Backstory: Kosher comedy over egg rolls
As a respite from Christmas, a group in San Francisco gathers to hear Jewish comedians at a Chinese restaurant. It's become a tradition.
On Christmas Eve, Jay Luxenberg, a doctor in San Francisco, will be doing his usual ritual: dining at a local Chinese restaurant with his wife. While there, he'll be getting a healthy serving of laughs to go along with his chicken chow mein.Skip to next paragraph
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Mr. Luxenberg, who is Jewish, has been doing the same thing for nearly 13 years. He is part of a small but increasingly tightknit group of people in the San Francisco area who have found their own form of entertainment on Christmas.
In this case, it's attend an evening of Kung Pao Kosher Comedy, a four-day event started by local comedian Lisa Geduldig in the 1990s as a respite from the usual holiday hype.
While the show was intended as a gathering for Jews, today people of all religious and ethnic backgrounds look forward to the annual event, and attend year after year.
Friday night, and for the next three days, four comedians – all Jewish – will perform on stage twice nightly at the New Asia Restaurant in Chinatown. As the website puts it: It's Kosher comedy, not kosher food. In the end, close to 3,000 people will attend – one third of which are returning audience members.
"It's fun to be with other people who don't celebrate Christmas," says Betty Weinberg, a regular attendee. "We look forward to it every year."
The community that has developed around the show was fostered in no small part by Ms. Geduldig herself. She oversees all aspects of the event, including publicity, and acts as the master of ceremonies every night. Up until three years ago, she used to sell tickets from her home.
"Since I sold the tickets for 11 years, I got to know everybody's story, everyone who's coming," she says. "I know so many of these people. [They] feel this proprietorship and this kind of pride."
Ms. Weinberg and her husband, Sanford, for instance, along with eight friends, have attended every year for the past 13 years.
Both grew up on the West Coast and say their families didn't do anything significant on Christmas Eve or Christmas Day, so to have an event like Kung Pao, as it's called, gives them a venue for a meal and some mirth.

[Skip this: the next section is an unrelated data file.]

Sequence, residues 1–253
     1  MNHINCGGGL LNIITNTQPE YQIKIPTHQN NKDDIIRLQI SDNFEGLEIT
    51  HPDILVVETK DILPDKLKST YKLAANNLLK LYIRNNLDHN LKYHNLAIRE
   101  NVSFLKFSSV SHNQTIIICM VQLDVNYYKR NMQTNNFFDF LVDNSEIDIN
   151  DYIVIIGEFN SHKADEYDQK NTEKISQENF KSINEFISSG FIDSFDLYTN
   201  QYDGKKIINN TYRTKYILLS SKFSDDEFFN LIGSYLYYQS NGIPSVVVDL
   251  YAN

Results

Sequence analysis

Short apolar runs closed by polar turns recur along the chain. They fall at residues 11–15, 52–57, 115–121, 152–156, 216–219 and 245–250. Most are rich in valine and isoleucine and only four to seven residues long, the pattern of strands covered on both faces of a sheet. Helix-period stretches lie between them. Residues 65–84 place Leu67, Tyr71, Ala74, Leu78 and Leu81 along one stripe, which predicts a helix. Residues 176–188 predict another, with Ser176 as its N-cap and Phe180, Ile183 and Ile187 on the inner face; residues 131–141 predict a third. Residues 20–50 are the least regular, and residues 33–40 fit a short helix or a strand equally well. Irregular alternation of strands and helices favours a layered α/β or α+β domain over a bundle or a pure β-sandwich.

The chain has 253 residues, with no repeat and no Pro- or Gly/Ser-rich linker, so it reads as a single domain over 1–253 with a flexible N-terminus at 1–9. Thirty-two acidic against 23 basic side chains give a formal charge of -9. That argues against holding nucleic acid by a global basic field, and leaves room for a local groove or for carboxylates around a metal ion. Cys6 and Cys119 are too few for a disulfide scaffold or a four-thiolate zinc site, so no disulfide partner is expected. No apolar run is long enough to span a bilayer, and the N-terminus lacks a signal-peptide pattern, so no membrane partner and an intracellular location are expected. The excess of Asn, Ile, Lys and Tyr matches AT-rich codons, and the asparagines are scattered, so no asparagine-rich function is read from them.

Similarly, the Luxenbergs attend regularly with friends, even though they've seen some of the performances before. Jay Luxenberg likens the experience to that of his years as a "Deadhead." Even though the Grateful Dead played many of the same songs at each performance, the experience was different every time.
"The atmosphere is so much more at Kung Pao Kosher that the jokes don't matter that much," he says.
This year's headliner, Cathy Ladman, is one of those repeat performers. A regular on the "Tonight Show with Jay Leno," the Los Angeles-based comedian is drawn to Kung Pao because it's well marketed and because audience members – Jewish or otherwise – are there for similar reasons.
"For the most part you get a bright audience, and there is this added bit of background," she says. "You know at the outset that there is something common that binds the audience together."
Geduldig got the idea for Kung Pao in the fall of 1993, while performing at a woman's comedy night in South Hadley, Mass. "It was to be at the Peking Garden Club, which I assumed was going to be a comedy club," she says. "And I pull up and it's a Chinese restaurant."
Later on Geduldig and a friend were talking about the irony of it all – telling Jewish jokes in a Chinese restaurant – and the idea for Kung Pao was born.
Fourteen years later, it has become institutionalized. Geduldig has an event coordinator, 12 volunteers per show, a lighting and sound guy, T-shirts, sponsors, a program guide, and a raffle. She even special-orders fortune cookies with Yiddish proverbs.